UMD student task force aims to address commencement plans, help for marginalized groups
Alysa Conway, a junior government and politics and public policy major, started the COVID-19 Student Task Force. (Julia Nikhinson/The Diamondback)
As the coronavirus pandemic worsened and forced a move to online learning for university students, Alysa Conway felt overwhelmed with disbelief.
Conway, a junior government and politics and public policy major, was sitting in her South Campus Commons apartment when she received the March 20 email ordering students to evacuate the campus.
Stunned, she went to a large GroupMe for black students to see how others were responding, and saw many others shared the same concerns she did about how the pandemic affected their learning experience, she said.
The next day, Conway started a separate GroupMe chat focused on student advocacy during the pandemic. She moved the group, now known as the COVID-19 Student Task Force, onto Slack and said its membership “grew exponentially.”
Now, the independent student-led task force has over 270 members. The group advocates for protections for marginalized students, emergency housing, academic accommodations for all students and a postponed in-person commencement for the graduating class of spring 2020.
Students in the chat initially proposed to draft a memo to administration with their concerns regarding the emergency evacuation — which many viewed as eviction — but they quickly realized there was much more to be done, she said.
“We just realized that there were just so many more issues that were on the table that reflected a student’s academic success, access to resources and … [the push] to postpone commencement rather than cancel commencement,” Conway said.
The group is composed of seven committees: Housing; Academics; First Generation Low Income Students; Health and Human Services; Workers’ Rights; Communications; and Commencement.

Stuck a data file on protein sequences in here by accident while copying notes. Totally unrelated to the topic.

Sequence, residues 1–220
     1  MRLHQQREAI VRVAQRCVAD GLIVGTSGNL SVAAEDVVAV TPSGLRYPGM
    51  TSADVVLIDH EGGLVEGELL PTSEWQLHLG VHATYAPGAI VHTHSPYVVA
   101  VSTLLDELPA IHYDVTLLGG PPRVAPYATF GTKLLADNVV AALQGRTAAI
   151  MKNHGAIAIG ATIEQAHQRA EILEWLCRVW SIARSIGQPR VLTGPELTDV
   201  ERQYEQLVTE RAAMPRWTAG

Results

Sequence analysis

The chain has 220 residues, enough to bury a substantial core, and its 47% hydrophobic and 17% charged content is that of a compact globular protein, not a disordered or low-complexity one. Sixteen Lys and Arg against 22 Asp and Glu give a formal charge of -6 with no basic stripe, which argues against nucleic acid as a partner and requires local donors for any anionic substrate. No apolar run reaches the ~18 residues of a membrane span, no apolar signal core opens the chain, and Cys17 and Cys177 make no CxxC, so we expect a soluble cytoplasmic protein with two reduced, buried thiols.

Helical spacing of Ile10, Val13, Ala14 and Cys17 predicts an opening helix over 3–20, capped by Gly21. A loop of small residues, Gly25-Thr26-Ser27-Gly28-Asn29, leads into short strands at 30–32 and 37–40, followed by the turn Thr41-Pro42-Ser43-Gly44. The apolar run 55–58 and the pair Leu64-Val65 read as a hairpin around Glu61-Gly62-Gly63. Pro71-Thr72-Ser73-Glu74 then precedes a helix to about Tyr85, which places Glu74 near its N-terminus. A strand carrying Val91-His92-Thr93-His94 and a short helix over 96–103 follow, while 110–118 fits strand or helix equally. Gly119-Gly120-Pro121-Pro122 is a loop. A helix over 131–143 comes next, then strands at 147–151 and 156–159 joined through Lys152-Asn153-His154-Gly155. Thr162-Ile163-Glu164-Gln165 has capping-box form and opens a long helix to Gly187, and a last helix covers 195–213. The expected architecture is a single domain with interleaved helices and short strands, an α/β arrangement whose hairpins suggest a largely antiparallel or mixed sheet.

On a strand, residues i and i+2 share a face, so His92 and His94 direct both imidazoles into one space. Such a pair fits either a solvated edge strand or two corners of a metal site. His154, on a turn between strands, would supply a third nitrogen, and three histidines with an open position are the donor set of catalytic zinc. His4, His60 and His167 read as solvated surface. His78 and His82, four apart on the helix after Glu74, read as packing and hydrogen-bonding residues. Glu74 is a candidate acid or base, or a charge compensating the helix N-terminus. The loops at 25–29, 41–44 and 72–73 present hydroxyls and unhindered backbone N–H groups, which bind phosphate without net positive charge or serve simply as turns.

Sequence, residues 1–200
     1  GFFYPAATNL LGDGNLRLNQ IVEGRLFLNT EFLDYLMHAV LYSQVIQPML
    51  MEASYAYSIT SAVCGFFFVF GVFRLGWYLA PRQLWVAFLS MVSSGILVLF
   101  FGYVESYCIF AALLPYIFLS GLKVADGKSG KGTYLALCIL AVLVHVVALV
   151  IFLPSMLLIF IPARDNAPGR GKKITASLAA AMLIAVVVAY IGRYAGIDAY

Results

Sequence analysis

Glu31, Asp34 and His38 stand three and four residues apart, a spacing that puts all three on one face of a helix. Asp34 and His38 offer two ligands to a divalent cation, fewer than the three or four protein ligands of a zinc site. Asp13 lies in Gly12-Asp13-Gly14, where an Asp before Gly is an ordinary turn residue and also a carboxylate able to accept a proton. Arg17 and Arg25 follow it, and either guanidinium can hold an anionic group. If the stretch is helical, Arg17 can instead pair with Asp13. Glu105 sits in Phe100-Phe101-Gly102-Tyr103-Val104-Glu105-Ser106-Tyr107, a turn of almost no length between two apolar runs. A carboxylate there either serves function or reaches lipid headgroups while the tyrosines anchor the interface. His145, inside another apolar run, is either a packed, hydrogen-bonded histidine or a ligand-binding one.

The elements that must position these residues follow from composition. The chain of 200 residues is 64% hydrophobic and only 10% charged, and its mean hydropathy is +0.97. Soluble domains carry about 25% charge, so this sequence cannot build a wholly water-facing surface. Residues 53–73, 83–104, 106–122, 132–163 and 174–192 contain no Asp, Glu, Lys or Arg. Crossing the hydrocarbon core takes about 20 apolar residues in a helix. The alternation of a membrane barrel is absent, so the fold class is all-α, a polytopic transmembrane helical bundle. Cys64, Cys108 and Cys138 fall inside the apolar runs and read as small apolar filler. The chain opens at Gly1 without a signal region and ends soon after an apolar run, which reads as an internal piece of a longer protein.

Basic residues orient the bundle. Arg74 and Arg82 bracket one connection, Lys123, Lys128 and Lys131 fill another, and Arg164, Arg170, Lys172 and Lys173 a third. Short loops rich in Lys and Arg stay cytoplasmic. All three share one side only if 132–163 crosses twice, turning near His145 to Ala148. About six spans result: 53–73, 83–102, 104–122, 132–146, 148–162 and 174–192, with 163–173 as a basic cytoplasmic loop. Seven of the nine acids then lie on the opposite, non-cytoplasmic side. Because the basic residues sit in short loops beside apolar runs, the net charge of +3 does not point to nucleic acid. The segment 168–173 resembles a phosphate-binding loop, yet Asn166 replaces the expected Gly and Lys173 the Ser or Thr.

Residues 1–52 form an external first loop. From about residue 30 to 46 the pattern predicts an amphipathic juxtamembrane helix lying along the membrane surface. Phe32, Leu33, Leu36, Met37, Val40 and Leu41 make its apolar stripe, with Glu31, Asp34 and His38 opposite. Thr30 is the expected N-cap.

Conway said she was inspired to form the First Generation Low Income Students Committee after learning about the national First Generation Low Income Partnership, which advocates for equal opportunity for low-income students, after seeing a tweet about the program at Emory University in a GroupMe chat.
She said she emailed Brian Le, the co-president of Emory First-Generation Low Income Partnership, to learn more about the program at his school, and realized this university needed to have a similar program for first-generation, low-income students.
The task force aims to bring a FLIP chapter to campus to ensure low-income students have resources and advocacy for them that lasts after the semester concludes, Conway said.
The group is working to secure economic and housing support for first-generation, low-income students during the pandemic. It is urging the Department of Resident Life to allow residents to stay in their apartments. In addition, it is working to ensure student fees are reimbursed for dining services and that students in the federal work study are able to keep their aid, Conway said.
“They’ve voiced circumstances where their parents have lost their jobs, where they have to provide care for their families, their parents are sick, they’re being evicted, they’re being forced to move back into an abusive household,” said Tasnim Benalla, a senior finance major and committee lead for the academic committee.
Gabriela Grant, a senior dance major, is the lead for the commencement committee and the creator of an online petition aimed to postpone spring commencement.
She said she was motivated to join the group after feeling like college students were neglected during the pandemic, citing the coronavirus stimulus package, which gives qualifying Americans $1,200 checks. Many students wouldn’t qualify for it if their parents have claimed them as a dependent.
“I still feel like we do matter and like this isn’t just all over and that we shouldn’t just kind of get over it,” Grant said. ”There needs to be a fight for the things that we still want, so that’s also motivated a lot of my involvement into the task force.”
As of April 1, Grant’s petition has over 6,000 signatures, which Conway cited as one of the group’s successes, along with its advocacy for a double-A grading model, which would give all students either an A or A- in each class. There is another petition calling for the grading model, with over 5,000 signatures.
The group encouraged the Student Government Association to support the policy and last week its legislature passed a bill urging administration to adopt the policy.
The group measures its success by the number of stories it receives from students affected by the pandemic and the desire she’s seen from members to help, Conway said, even if they aren’t personally affected by a certain issue.
“It’s amazing to see how passionate people are and how much they’re willing to do,” Grant said.